In my case, I was prone for over a month undergoing numerous surgeries for my back, my spine, and a few internal organs before I was even placed in a wheelchair for the first time. When the medical staff finally said: “Dwight, it’s time,” I thought it would be simple. Little did I know.
Since I had been flat on my back for so long, the simple act of raising myself up to a sitting position was excruciating. And that was the easy past. It was also nauseating. It was like getting on the spinning cups at an amusement park at warp speed, and the pain and dizziness overwhelmed me. The doctors said: “Dwight, this is normal. Stay with us, and don’t give up. It will pass.”
Well, it did pass over time, and soon I had to start learning a new normal. Slowly but surely, I got used to my new best friend. My wheelchair seemed to have a mind of its own, and a bad attitude to boot. It was not easy to control and I kept going places I didn’t mean for it to go. I was continually banging into things. In fact, I put holes in so much sheetrock at the rehab center that they began to tease me. But it was done lovingly and with a smile because they’d seen it all before.
“Dang, Dwight. We’re gonna have to hire a drywall crew just to keep up with the holes you keep knocking in the walls,” my physical therapist would joke. “But don’t worry. You’re getting the hang of it.” And I was. A week later, they were teaching me how to do wheelies, which is important because sometime I have to roll over obstacles or move from a slightly lower place to a higher place. And the fear of tipping over was always there.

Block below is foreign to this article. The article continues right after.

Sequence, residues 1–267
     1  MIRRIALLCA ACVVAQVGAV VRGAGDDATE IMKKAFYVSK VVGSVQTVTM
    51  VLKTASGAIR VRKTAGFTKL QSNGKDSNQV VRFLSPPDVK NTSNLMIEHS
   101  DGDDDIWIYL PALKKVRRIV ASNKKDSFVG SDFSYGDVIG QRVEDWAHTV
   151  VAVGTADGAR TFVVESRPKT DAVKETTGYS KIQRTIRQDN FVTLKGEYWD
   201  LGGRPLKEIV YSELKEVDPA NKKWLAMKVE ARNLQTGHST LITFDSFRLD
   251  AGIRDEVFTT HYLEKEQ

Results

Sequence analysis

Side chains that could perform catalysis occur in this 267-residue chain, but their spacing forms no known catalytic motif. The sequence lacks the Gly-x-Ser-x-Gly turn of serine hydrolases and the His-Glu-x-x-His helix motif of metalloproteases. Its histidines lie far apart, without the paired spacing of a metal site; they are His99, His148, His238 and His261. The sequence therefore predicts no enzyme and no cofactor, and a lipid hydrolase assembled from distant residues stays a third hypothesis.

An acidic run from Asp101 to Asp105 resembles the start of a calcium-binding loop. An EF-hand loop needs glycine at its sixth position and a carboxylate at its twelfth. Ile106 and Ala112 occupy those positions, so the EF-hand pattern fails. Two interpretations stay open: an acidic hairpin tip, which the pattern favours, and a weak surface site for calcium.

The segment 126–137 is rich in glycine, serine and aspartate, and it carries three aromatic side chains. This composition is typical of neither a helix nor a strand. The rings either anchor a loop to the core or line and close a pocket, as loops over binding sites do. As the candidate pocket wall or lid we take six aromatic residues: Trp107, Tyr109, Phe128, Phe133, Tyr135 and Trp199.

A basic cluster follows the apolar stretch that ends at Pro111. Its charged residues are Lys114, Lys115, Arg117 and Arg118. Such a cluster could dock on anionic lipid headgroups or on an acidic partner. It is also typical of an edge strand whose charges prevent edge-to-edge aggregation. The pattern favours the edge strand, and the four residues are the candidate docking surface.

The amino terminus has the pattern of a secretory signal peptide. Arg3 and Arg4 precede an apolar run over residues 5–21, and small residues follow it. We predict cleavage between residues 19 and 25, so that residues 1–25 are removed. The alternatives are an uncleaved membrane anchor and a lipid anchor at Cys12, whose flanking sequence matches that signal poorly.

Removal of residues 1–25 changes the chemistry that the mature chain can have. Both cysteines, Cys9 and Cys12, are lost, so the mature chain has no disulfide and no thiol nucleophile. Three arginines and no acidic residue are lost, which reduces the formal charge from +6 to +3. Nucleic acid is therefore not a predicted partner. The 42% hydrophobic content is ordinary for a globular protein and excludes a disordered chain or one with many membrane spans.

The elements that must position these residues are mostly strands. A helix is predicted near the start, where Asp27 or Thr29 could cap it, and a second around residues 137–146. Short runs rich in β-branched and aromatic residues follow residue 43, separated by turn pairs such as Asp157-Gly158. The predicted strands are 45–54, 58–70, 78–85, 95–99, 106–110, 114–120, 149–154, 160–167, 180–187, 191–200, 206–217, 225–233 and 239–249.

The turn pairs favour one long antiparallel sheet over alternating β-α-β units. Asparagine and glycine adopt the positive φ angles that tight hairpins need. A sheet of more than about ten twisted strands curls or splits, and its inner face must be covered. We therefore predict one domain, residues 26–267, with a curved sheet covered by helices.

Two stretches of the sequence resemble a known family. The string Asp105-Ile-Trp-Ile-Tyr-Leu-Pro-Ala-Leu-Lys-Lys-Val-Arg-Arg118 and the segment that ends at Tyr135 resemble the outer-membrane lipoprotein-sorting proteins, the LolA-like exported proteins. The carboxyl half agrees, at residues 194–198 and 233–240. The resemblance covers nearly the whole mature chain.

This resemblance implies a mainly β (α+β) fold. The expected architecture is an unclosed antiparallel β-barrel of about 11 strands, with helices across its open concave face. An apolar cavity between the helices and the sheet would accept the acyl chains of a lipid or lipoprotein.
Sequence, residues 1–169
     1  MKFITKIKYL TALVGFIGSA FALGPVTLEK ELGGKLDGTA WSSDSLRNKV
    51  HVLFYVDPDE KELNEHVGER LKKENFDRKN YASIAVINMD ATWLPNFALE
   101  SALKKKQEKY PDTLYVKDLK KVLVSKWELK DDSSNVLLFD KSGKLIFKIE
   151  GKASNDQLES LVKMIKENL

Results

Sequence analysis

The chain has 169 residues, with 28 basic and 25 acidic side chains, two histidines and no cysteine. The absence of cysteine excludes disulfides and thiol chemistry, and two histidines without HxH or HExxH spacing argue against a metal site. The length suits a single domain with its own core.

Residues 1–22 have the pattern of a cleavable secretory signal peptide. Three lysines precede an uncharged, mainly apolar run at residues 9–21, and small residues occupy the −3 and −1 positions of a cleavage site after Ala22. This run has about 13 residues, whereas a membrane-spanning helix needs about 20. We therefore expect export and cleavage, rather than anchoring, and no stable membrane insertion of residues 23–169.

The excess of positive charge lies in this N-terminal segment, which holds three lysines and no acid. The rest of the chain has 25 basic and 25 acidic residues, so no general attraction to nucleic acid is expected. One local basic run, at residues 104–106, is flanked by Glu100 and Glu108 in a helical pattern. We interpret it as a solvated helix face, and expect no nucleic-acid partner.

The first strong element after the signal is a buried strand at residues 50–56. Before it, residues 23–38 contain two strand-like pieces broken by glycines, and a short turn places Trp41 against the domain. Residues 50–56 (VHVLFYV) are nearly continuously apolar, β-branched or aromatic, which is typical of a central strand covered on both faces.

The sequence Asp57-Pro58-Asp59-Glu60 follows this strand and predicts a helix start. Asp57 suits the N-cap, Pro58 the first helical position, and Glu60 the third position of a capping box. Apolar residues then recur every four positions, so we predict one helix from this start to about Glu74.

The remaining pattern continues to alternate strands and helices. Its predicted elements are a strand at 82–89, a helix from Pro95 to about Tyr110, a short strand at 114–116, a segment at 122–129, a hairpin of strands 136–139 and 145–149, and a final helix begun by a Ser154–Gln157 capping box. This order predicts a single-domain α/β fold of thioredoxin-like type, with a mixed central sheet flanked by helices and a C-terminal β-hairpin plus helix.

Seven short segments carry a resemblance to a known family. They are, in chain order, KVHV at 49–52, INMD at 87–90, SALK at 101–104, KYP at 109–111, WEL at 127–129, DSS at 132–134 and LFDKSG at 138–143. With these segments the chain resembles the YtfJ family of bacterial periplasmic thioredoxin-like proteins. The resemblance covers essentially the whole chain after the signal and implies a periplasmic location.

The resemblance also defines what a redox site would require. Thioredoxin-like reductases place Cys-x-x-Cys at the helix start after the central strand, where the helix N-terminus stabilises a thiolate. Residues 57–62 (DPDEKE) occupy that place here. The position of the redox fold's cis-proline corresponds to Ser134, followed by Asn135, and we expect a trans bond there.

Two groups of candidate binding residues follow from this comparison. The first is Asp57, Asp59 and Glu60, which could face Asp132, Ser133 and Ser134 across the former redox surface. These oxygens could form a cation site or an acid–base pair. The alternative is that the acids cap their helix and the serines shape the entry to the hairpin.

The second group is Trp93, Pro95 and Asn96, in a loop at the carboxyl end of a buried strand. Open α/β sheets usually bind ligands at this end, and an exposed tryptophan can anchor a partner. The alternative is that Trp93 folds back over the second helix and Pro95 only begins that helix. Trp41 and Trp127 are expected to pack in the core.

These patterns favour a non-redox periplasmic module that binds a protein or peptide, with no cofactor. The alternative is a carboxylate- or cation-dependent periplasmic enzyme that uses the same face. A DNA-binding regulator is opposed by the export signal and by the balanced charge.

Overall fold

The staff would lay out a course of small cones that I would have to weave through, lean to the side of my chair, and pick up one-by-one. They were there to catch me as I began to tip over, but in a week or two, I was racing through the course and moving on the next challenges.
The point of all this is that people in wheelchairs have to learn how to “walk” all over again. Of course, we’re not walking, but we can cover as much distance as any able-bodied person. And since I tend not use my motorized chair, the constant pushing on the wheels has made my arms like a couple of pythons. I think nothing now of rolling two or three miles at a mall in a manual chair or even rolling up the road from my house to visit friends and relatives. It took a full year to become perfectly comfortable in my chair doing transfers, for example, from my chair to my truck. (Yes, I drive every day. I just use my hands instead of my feet.) And even now, my wheelchair sometimes misbehaves, but I just give it a scolding and tell it to get back in line. We get along just fine. I’ve embraced my new normal.